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Historical Region of North India

Shahpura Haveli (Shekhawati).jpg
LocationNorthern Rajasthan 27°55′N75°24′E / 27.917°N 75.400°E / 27.917; 75.400 Coordinates: 27°55′N75°24′E / 27.917°N 75.400°E / 27.917; 75.400
19th-century flag
Shekhawati Princely State
Flag of Jaipur.svg
State established:1445
Language Shekhawati
Dynasty Shekhawats (1445-1948), branch of Kachawa Dynasty of Jaipur
Historical capitals Amarsar, Shahpura, Jhunjhunu
Separated states

Shekhawati is a semi-arid historical region located in the northeast part of Rajasthan, India.

Rajasthan State in India

Rajasthan is a state in northern India. The state covers an area of 342,239 square kilometres (132,139 sq mi) or 10.4 percent of the total geographical area of India. It is the largest Indian state by area and the seventh largest by population. Rajasthan is located on the northwestern side of India, where it comprises most of the wide and inhospitable Thar Desert and shares a border with the Pakistani provinces of Punjab to the northwest and Sindh to the west, along the Sutlej-Indus river valley. Elsewhere it is bordered by five other Indian states: Punjab to the north; Haryana and Uttar Pradesh to the northeast; Madhya Pradesh to the southeast; and Gujarat to the southwest.


Shekhawati is located in North Rajasthan comprising districts of Jhunjhunu, Sikar, Churu and a part of Nagaur and Jaipur. History has it that in the 17th to 19th centuries, Marwari merchants constructed these grand havelis in the Shekhawati region. Steeped in wealth and affluence, these merchants got busy outdoing others in building more grand edifices – homes, temples, step wells which were richly decorated both inside and outside with painted murals. [1] It is bounded on the northwest by the Jangladesh region, on the northeast by Haryana, on the east by Mewat, on the southeast by Dhundhar, on the south by Ajmer, and on the southwest by the Marwar region.

Jhunjhunu City in Rajasthan, India

Jhunjhunu is a city and headquarters of Jhunjhunu district in the state of Rajasthan, India.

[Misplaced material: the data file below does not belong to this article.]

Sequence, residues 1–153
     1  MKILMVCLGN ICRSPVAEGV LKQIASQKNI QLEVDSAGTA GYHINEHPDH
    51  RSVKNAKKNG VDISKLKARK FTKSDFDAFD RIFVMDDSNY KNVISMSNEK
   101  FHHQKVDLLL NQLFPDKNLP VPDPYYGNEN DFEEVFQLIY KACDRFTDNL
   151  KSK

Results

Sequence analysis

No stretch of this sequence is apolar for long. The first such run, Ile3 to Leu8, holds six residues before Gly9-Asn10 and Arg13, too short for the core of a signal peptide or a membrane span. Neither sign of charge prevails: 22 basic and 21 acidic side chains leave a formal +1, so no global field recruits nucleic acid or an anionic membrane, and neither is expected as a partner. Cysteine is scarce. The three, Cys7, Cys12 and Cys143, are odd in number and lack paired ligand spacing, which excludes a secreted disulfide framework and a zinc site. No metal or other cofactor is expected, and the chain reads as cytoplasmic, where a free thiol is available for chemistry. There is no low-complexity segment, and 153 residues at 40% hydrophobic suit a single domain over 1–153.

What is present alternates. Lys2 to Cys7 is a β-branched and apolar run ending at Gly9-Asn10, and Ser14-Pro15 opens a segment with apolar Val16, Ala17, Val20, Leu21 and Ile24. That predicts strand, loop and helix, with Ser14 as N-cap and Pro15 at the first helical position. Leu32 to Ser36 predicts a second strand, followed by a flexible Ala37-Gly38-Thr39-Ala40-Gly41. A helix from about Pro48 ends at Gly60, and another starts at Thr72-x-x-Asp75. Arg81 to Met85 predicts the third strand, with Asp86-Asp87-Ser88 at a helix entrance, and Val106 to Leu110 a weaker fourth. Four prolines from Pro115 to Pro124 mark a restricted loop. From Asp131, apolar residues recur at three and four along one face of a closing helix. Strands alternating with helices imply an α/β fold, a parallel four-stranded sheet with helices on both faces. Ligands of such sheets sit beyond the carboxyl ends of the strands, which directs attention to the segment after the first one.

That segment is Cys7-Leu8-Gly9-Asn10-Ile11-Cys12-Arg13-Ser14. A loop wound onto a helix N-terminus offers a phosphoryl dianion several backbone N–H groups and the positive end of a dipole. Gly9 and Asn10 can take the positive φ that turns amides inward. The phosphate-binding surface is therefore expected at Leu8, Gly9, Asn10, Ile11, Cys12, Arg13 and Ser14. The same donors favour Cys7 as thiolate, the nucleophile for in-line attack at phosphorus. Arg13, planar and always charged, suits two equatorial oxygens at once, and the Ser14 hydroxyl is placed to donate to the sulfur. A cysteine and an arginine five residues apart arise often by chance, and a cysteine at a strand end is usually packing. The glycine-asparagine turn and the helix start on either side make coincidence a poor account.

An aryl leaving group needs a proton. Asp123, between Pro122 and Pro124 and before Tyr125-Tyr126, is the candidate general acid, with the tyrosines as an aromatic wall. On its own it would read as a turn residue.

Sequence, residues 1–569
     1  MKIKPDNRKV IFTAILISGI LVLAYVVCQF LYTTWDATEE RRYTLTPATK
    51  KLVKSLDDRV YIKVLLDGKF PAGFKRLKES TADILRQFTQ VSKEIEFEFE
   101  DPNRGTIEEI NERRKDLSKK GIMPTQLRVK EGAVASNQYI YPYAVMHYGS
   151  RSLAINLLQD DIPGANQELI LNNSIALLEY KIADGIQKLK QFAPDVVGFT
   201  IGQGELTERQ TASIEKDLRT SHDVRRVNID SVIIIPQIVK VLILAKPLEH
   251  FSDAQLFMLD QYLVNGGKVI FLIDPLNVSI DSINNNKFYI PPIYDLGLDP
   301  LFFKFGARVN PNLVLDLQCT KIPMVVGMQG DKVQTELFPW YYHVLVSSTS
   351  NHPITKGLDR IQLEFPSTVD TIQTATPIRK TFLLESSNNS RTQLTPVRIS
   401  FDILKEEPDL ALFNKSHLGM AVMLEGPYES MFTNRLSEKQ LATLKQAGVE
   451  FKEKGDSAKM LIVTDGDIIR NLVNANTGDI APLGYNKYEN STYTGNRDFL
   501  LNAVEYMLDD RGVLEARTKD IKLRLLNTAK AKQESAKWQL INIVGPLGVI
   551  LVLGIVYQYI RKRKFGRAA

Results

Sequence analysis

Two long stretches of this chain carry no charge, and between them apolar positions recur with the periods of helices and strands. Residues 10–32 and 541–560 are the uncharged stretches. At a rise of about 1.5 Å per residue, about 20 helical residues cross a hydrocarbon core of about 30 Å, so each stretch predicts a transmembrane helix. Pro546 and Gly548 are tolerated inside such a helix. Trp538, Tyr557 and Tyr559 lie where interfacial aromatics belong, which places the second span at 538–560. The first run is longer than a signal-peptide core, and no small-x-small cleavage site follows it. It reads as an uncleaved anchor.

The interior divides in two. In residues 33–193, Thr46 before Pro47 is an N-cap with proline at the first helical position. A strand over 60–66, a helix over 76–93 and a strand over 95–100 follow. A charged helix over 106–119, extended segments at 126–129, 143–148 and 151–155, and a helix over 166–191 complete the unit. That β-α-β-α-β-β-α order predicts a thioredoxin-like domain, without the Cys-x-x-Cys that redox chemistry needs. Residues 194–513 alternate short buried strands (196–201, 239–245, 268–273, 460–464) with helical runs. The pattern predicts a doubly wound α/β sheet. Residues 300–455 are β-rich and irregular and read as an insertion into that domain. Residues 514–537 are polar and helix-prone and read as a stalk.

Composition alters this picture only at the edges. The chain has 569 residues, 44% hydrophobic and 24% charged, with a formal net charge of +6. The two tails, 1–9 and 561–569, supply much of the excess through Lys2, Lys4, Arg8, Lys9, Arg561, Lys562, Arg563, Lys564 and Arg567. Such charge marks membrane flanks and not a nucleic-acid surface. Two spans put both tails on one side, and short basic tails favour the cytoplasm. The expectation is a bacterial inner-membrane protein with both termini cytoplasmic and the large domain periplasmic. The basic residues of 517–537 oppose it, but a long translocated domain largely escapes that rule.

Sikar City in Rajasthan, India

Sikar is a city located midway between Agra and Bikaner on the National Highway 52 in the state of Rajasthan in India. It is the administrative headquarters of the Sikar District. Sikar is a historical city and contains many old havelis. It is located 114 km from Jaipur, 320 km from Jodhpur 215 km from Bikaner, and 280 km from Delhi.

Churu City in Rajasthan, India

Churu is a city in the desert region of Rajasthan state of India. It is known as gateway to the Thar Desert of Rajasthan. It is the administrative headquarter of Churu District. It lies in the Thar Desert on the National Highway-65 connecting Pali to Ambala and is a junction station on the railway line to Bikaner. It is near the shifting sand dunes of the Thar Desert and has grand havelis with marvelous fresco paintings, namely Kanhaiya Lal Bagla Ki Haweli and Surana Haweli, with hundreds of small windows. It also has some fine Chhatris. Near the town is a religious seat of the Nath sect of Sadhus where there are life-size marble statues of their deities and a place for prayers. At the centre of the town is a fort built about 500 years ago.

Its area is 13784 square kilometers. [2] The inhabitants of Shekhawati are considered brave, sacrificing and hard working people.

Etymology of Shekhawati

Sekhawati was first mentioned in the book Bankidas ki Khyat. [3] Contemporary of Bankidas was Colonel W.S. Gardener, who used the word Shekhawati in 1803. Later James Tod wrote the first history of Shekhawati. The term Shekhawati was used frequently in Vamsh Bhaskar. This suggests that the term came in use about two and half centuries ago. [4] Shekhawati is named after Rao Shekha.

James Tod 1782-1835, English officer of the British East India Company and an Oriental scholar

Lieutenant-Colonel James Tod was an English-born officer of the British East India Company and an Oriental scholar. He combined his official role and his amateur interests to create a series of works about the history and geography of India, and in particular the area then known as Rajputana that corresponds to the present day state of Rajasthan, and which Tod referred to as Rajast'han.